A regulated tenancy is a form of long-term agreement between a tenant and a private landlord that offers the tenant the right to remain in a property for life.
The agreements date back to before the 15th January 1989, the date when Part 1 of the Housing Act 1988 came into force, which made important changes to the private renting system. Tenancies made after this time are likely to be either assured or assured shorthold agreements.
In addition to the right to remain in the property for life, a regulated tenant often pays rent that is far below the market average for assured shorthold tenancy. It is known as fair rent and is set by a rent officer at the Valuation Office Agency. Fair rent is the maximum that a landlord can charge a tenant.
A landlord can only raise the rent once every two years. To do so, they must apply to the Valuation Office Agency. In the event that the application is approved, the landlord must provide their tenant with official notice before introducing the new tariff. The tenant may appeal to the rent officer within 28 days if they feel the rent is too high.
A regulated tenant has a lot of legal security and can only be evicted from a property with a court order. To obtain this, a landlord must prove that there is a legal reason to remove a tenant, such as non-payment of rent.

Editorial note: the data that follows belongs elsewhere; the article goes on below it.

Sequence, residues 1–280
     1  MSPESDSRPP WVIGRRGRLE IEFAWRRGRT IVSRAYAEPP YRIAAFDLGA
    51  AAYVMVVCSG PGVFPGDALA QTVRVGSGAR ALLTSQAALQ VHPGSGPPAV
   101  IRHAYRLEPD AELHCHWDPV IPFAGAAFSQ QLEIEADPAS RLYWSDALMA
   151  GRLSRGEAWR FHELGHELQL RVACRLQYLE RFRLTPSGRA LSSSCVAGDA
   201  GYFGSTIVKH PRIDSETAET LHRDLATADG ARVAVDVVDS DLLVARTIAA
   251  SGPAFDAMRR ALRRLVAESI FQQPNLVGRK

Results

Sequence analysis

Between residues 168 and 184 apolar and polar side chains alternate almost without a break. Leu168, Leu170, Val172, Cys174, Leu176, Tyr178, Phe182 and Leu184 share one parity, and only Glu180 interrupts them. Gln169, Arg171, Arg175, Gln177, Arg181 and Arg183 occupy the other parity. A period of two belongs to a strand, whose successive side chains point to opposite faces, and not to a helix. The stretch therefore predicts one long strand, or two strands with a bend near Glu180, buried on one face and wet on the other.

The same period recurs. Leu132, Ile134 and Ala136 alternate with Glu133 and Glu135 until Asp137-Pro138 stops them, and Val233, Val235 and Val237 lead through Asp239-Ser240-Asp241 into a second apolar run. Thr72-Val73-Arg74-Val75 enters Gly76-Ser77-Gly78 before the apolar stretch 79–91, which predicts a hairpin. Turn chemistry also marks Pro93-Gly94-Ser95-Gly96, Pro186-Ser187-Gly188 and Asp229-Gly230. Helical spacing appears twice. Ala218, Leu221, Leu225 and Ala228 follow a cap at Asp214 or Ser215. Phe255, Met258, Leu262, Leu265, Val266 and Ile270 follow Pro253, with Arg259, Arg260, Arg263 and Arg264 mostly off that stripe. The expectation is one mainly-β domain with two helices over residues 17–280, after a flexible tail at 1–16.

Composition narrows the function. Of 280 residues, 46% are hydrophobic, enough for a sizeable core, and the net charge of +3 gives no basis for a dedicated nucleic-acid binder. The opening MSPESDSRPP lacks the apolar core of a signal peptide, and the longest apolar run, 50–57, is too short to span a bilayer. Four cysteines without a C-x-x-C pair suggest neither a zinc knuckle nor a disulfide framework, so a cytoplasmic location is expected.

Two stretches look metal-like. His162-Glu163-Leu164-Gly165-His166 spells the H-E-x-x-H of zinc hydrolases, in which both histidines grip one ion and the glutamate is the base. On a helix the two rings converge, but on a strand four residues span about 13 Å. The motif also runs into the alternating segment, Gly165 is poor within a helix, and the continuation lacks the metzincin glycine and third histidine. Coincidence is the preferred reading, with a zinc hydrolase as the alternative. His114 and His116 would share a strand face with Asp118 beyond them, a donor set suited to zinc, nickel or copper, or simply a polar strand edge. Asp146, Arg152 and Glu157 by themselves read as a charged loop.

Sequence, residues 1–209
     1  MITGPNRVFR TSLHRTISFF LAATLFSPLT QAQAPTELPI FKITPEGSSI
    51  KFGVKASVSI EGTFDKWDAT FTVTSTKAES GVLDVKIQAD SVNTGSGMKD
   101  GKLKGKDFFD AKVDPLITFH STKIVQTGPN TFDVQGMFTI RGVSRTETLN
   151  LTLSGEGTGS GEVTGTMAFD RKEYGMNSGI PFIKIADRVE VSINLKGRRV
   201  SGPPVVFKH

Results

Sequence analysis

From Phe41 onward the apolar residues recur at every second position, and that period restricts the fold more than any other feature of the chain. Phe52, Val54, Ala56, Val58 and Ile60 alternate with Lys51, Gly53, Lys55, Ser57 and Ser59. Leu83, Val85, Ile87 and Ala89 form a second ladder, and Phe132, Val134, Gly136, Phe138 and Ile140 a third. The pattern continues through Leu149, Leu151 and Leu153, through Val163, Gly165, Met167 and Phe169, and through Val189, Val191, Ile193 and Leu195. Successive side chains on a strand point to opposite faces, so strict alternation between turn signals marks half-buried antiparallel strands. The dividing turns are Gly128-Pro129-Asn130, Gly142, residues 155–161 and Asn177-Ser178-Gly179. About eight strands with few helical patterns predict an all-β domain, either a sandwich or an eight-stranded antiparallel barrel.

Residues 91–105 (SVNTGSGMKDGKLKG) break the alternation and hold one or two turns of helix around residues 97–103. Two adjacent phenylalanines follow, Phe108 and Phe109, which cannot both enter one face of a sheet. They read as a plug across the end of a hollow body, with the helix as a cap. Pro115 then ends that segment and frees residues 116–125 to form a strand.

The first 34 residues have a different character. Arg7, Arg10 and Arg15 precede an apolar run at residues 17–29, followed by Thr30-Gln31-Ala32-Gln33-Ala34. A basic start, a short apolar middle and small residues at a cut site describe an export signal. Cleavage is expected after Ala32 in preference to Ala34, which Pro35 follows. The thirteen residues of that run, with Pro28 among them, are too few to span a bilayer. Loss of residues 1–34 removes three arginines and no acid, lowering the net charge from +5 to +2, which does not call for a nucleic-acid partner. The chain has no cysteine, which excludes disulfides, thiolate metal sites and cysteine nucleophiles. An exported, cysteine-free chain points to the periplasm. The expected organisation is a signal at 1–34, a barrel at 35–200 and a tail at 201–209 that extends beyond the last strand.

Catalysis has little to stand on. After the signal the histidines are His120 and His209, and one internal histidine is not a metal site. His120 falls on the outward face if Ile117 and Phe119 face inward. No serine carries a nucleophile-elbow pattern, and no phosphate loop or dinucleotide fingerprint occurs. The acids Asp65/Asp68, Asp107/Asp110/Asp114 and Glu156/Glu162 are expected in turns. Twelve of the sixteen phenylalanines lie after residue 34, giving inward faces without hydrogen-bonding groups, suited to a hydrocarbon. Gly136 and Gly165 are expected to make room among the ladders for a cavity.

Of course, the tenant may choose to leave the property of their own free will. They may also pass away. In the event of the latter occurring, a regulated tenancy can be inherited by the spouse, or someone living with the tenant as husband or wife at the time of their death.
In the first instance of inheritance, the tenancy remains regulated; however, if the tenancy is inherited a second time (which can sometimes happen) the tenancy then becomes assured.
As with a regular landlord, the landlord of a regulated tenant must:
As you have probably gathered, a regulated tenancy does not exactly equate to an immediate money spinner for a landlord. Not only is the rent you charge capped, but your tenant also has the right to remain in the property for life.
However, it’s not all gloom and doom. A regulated tenancy property is often available far below the market value. Therefore, you could end up getting a very reasonable deal on a property in a traditionally pricey area.
If you already have a regulated tenancy property on your hands and you wish to sell it, you must offer first refusal to the occupant. Failure to do so is a criminal offence punishable by a fine of up to £5,000.
If you’re looking for a long-term investment, and are prepared to wait (potentially a very long time) for the venture to come to fruition, a regulated tenancy can present you with a very good option.
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